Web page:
functions for it (like we do have fo the percpu ops).

Anyway, if you have a really hot case you care about, maybe you could
convince the gcc people to just add it as a peephole optimization?
Right now, gcc ends up doing some strange things with volatiles, and
basically disables a lot of stuff over them. But with a test-case,
maybe you can convince somebody that certain optimizations are still
fine. A "read+add+write" really does the exact same accesses as an
add-to-memory instruction, but gcc has some logic to disable that
instruction fusion.

          Linus

^ permalink raw reply	[flat|nested] 67+ messages in thread

* Re: KCSAN: data-race in __alloc_file / __alloc_file
  2019-11-08 19:48                 ` Marco Elver
@ 2019-11-08 20:26                   ` Linus Torvalds
  2019-11-08 21:57                     ` Alan Stern
  0 siblings, 1 reply; 67+ messages in thread
From: Linus Torvalds @ 2019-11-08 20:26 UTC (permalink / raw)
  To: Marco Elver
  Cc: Eric Dumazet, Eric Dumazet, syzbot, linux-fsdevel,
	Linux Kernel Mailing List, syzkaller-bugs, Al Viro, Alan Stern,
	Andrea Parri, Paul E. McKenney,
	LKMM Maintainers -- Akira Yokosawa

On Fri, Nov 8, 2019 at 11:48 AM Marco Elver <elver@google.com> wrote:
>
> It's not explicitly aware of initialization or release. We rely on
> compiler instrumentation for all memory accesses; KCSAN then sets up
> "watchpoints" for sampled memory accesses, delaying execution, and
> checking if a concurrent access is observed.

Ok.

> This same approach could be used to ignore "idempotent writes" where
> we would otherwise report a data race; i.e. if there was a concurrent
> write, but the data value did not change, do not report the race. I'm
> happy to add this feature if this should always be ignored.

Hmm. I don't think it's valid in general, but it might be useful
enough in practice, at least as an option to lower the false
positives.

               Linus

^ permalink raw reply	[flat|nested] 67+ messages in thread

* Re: KCSAN: data-race in __alloc_file / __alloc_file
  2019-11-08 18:40               ` Linus Torvalds
@ 2019-11-08 19:48                 ` Marco Elver
  2019-11-08 20:26                   ` Linus Torvalds
  0 siblings, 1 reply; 67+ messages in thread
From: Marco Elver @ 2019-11-08 19:48 UTC (permalink / raw)
  To: Linus Torvalds
  Cc: Eric Dumazet, Eric Dumazet, syzbot, linux-fsdevel,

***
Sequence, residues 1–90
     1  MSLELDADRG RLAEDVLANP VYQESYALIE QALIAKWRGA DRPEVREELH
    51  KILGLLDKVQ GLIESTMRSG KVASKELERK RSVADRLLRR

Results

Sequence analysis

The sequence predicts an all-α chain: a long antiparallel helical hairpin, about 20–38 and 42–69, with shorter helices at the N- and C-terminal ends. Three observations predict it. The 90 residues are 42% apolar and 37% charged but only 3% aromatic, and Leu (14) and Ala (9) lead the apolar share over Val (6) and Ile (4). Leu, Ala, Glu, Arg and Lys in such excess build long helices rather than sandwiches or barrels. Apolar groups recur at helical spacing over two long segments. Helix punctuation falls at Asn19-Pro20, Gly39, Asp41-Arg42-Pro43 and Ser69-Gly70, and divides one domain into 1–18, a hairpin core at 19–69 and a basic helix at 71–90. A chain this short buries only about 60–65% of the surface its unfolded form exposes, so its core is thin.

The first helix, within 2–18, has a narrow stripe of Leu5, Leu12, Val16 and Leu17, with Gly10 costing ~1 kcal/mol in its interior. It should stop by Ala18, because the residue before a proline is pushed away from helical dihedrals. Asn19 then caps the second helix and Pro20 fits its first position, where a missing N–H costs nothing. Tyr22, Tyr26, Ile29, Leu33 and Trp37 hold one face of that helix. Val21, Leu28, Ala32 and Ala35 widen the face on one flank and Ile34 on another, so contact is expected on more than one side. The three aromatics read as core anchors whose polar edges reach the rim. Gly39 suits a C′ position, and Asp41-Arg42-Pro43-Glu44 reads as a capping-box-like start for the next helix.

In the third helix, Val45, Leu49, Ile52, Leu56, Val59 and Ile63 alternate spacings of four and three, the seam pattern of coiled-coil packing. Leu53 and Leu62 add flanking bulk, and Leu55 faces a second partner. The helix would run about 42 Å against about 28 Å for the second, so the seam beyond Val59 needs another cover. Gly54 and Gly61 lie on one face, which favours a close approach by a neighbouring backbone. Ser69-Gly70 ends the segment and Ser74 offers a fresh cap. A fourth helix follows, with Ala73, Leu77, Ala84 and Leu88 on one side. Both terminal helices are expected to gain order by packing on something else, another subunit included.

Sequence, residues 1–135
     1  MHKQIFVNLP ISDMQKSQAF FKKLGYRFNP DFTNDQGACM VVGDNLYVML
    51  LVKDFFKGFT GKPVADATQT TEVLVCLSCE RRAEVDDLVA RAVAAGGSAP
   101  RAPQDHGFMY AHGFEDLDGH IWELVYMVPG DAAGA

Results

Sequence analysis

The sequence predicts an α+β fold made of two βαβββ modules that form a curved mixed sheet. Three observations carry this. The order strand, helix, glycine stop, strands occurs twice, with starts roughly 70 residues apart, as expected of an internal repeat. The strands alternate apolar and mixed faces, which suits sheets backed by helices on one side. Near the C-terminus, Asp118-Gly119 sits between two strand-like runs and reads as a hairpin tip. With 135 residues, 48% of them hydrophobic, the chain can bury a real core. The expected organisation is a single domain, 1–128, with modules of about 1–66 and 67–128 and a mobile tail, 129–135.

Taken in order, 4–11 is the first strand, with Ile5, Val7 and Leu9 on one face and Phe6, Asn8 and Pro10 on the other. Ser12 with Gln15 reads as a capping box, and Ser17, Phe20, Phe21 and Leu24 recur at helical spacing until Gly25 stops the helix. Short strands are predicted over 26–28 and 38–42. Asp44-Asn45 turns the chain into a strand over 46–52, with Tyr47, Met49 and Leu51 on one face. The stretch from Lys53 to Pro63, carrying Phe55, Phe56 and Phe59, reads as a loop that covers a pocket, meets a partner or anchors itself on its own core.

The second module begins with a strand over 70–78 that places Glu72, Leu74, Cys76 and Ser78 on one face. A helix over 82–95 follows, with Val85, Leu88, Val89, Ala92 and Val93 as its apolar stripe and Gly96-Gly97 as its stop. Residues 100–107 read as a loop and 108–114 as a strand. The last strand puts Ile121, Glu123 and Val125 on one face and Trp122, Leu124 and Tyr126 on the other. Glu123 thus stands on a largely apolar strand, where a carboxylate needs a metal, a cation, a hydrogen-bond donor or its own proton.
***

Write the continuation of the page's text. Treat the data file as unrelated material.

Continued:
Linux Kernel Mailing List, syzkaller-bugs, Al Viro, Alan Stern,
	Andrea Parri, Paul E. McKenney,
	LKMM Maintainers -- Akira Yokosawa

On Fri, 8 Nov 2019 at 19:40, Linus Torvalds
<torvalds@linux-foundation.org> wrote:
>
> On Fri, Nov 8, 2019 at 10:16 AM Marco Elver <elver@google.com> wrote:
> >
> > KCSAN does not use volatile to distinguish accesses. Right now
> > READ_ONCE, WRITE_ONCE, atomic bitops, atomic_t (+ some arch specific
> > primitives) are treated as marked atomic operations.
>
> Ok, so we'd have to do this in terms of ATOMIC_WRITE().
>
> One alternative might be KCSAN enhancement, where you notice the
> following pattern:
>
>  - a field is initialized before the data structure gets exposed (I
> presume KCSAN already must understand about this issue -
> initializations are different and not atomic)
>
>  - while the field is live, there are operations that write the same
> (let's call it "idempotent") value to the field under certain
> circumstances
>
>  - at release time, after all the reference counts are gone, the field
> is read for whether that situation happened. I'm assuming KCSAN
> already understands about this case too?

It's not explicitly aware of initialization or release. We rely on
compiler instrumentation for all memory accesses; KCSAN then sets up
"watchpoints" for sampled memory accesses, delaying execution, and
checking if a concurrent access is observed.

We already have an option (currently disabled on syzbot) where KCSAN
infers a data race not because another instrumented accesses happened
concurrently, but because the data value changed during a watchpoint's
lifetime (e.g. due to uninstrumented write, device write etc.).

This same approach could be used to ignore "idempotent writes" where
we would otherwise report a data race; i.e. if there was a concurrent
write, but the data value did not change, do not report the race. I'm
happy to add this feature if this should always be ignored.

> So it would only be the "idempotent writes" thing that would be
> something KCSAN would have to realize do not involve a race - because
> it simply doesn't matter if two writes of the same value race against
> each other.
>
> But I guess we could also just do